The shiny RDF robot of power

RDFAuthor Tutorial 2: Queries

This tutorial explains how to query RDF data using RDFAuthor. You should read the first tutorial to familiarise yourself with basic model creation.

Here we are going to construct (and perform) a simple query to find the names and mailboxes of people in an rdfweb database. Hopefully you'll get the idea...

  1. Open RDFAuthor

    Ok, hopefully you know how to do this, otherwise we're in trouble. Notice that the toolbar has two additions from the previous version, both featuring question marks.

    The question mark with a blob (grouped with other editing mode tools) allows one to select unknown nodes. (Note: In future versions you will be able to select arcs as well)

    The other question mark icon (at the extreme right of the toolbar) opens the query panel; we'll see this below.

  2. Creating the Model

    My example query is going to find the names (foaf:name) and email addresses (foaf:mbox) for each person (foaf:Person) in a database. I'll begin by creating the basic model.

  3. Marking Objects as 'Unknown'

    Now we mark the objects that we want information on. These are the nodes at the end of the 'name' and 'mbox' arcs. We won't bother with the 'Person' node since this will just return generated ids - 'Person' nodes are used in foaf to hang properties off; their ids aren't significant.

    To mark the two nodes just select the 'add query items' mode and click on the nodes. They'll gain yellow rectangles to indicate that they are now query items. Incidently, it doesn't matter if query items already have ids - this is ignored by the query.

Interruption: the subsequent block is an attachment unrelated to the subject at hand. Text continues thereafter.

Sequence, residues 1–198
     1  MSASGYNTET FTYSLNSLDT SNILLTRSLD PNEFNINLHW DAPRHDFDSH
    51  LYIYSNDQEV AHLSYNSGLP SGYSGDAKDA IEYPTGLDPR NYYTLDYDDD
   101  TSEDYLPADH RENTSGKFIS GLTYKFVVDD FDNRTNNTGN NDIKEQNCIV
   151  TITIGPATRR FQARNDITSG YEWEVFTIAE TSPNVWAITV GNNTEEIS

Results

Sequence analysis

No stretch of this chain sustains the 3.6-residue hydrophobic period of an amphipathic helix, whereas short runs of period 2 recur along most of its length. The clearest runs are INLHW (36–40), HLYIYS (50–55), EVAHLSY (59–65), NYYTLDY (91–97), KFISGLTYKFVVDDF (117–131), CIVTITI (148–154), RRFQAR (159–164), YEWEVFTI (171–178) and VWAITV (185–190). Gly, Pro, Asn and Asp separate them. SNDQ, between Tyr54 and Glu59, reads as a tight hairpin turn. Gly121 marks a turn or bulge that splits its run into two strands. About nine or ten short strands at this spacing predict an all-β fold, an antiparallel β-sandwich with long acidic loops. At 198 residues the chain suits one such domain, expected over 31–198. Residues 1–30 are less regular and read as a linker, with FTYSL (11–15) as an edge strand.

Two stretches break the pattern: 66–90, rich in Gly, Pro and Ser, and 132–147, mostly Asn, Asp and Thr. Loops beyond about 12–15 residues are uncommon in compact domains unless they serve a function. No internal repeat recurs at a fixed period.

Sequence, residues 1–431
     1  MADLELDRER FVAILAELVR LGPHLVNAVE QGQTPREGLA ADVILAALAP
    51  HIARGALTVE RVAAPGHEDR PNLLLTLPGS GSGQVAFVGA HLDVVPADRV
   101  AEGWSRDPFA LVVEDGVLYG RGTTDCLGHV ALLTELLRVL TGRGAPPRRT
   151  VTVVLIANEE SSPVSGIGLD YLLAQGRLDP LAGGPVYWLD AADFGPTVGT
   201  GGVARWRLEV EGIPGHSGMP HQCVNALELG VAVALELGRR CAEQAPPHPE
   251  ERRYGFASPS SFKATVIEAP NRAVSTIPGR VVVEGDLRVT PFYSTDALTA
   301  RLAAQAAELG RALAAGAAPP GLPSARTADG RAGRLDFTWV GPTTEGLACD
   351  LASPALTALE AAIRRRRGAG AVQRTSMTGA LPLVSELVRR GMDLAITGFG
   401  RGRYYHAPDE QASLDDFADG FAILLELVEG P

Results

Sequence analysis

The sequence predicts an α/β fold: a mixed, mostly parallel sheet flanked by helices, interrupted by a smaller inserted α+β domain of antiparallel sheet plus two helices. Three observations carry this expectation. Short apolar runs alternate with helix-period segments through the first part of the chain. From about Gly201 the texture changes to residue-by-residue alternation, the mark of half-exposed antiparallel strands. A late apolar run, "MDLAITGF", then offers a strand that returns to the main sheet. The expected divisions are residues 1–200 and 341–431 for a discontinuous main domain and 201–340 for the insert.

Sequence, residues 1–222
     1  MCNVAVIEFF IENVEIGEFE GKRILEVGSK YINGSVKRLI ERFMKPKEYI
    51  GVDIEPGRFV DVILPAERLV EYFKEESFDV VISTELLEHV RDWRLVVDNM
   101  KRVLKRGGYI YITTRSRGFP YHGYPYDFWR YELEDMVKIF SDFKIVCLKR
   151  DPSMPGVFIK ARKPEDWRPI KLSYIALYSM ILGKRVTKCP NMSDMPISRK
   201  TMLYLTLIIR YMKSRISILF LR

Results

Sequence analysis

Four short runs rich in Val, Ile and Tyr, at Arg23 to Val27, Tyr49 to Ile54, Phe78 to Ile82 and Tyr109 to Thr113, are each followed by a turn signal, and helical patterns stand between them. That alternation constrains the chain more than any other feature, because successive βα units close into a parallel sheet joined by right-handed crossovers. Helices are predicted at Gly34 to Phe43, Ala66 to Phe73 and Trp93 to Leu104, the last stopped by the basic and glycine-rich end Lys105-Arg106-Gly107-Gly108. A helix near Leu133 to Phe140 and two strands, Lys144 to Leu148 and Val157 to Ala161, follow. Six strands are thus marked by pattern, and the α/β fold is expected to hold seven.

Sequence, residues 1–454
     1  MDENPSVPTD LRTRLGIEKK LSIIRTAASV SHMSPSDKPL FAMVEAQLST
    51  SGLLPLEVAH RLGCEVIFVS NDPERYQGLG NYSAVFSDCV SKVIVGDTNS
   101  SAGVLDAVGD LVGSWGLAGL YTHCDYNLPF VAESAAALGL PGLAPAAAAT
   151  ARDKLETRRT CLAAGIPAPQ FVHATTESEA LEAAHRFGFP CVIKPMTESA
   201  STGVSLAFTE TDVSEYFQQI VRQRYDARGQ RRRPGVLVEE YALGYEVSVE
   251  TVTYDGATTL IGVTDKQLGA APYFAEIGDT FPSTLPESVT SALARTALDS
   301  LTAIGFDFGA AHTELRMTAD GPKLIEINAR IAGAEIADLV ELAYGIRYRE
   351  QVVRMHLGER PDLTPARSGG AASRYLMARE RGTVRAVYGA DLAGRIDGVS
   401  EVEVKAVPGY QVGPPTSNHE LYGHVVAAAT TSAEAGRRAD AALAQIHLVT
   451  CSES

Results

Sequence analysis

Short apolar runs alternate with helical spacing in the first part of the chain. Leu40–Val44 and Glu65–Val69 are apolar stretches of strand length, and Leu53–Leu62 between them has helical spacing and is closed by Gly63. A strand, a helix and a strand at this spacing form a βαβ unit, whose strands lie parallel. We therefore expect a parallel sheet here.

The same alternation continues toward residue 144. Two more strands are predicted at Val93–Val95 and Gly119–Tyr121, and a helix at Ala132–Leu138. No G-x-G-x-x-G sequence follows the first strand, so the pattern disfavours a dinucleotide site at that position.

4. Making a Query

    Now we are ready to perform the query. Open the query panel (rightmost icon in the toolbar). This opens up a 'drawer' connected to the window.

    The query source selected is actually the one we want, so don't change it.

    Note: The URLs included in fact describe a source - they don't contain the data which is returned (in general). This is a experimental so don't worry about it too much.

    Ok, let's do the query (click on the big 'do query' button). The panel indicates that the query is being performed.

    Note: If you try to perform a new query when the previous one hasn't finished the application will warn you that this will stop the old one.

    This may take a while, depending on the data queried and the query itself. Once the query has finished you'll hear a 'ping'.

  5. Dealing with Results

    Now we have some results (hopefully - if not it will tell you, and the result table won't change).

    Selecting a result row will insert the data into the model.

    Easy, huh?

Damian Steer
Last modified: Thu Nov 08 21:25:10 GMT 2001